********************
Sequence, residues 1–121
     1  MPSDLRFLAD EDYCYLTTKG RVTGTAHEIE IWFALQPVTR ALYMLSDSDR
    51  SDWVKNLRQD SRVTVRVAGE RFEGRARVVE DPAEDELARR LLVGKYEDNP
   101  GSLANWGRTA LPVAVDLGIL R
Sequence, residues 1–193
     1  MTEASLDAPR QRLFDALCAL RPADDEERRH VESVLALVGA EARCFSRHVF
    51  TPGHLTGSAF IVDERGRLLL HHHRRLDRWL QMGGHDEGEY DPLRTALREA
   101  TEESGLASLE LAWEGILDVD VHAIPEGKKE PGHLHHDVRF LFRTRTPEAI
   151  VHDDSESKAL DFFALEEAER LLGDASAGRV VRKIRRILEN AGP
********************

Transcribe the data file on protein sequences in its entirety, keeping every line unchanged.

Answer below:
Sequence, residues 1–121
     1  MPSDLRFLAD EDYCYLTTKG RVTGTAHEIE IWFALQPVTR ALYMLSDSDR
    51  SDWVKNLRQD SRVTVRVAGE RFEGRARVVE DPAEDELARR LLVGKYEDNP
   101  GSLANWGRTA LPVAVDLGIL R
Sequence, residues 1–193
     1  MTEASLDAPR QRLFDALCAL RPADDEERRH VESVLALVGA EARCFSRHVF
    51  TPGHLTGSAF IVDERGRLLL HHHRRLDRWL QMGGHDEGEY DPLRTALREA
   101  TEESGLASLE LAWEGILDVD VHAIPEGKKE PGHLHHDVRF LFRTRTPEAI
   151  VHDDSESKAL DFFALEEAER LLGDASAGRV VRKIRRILEN AGP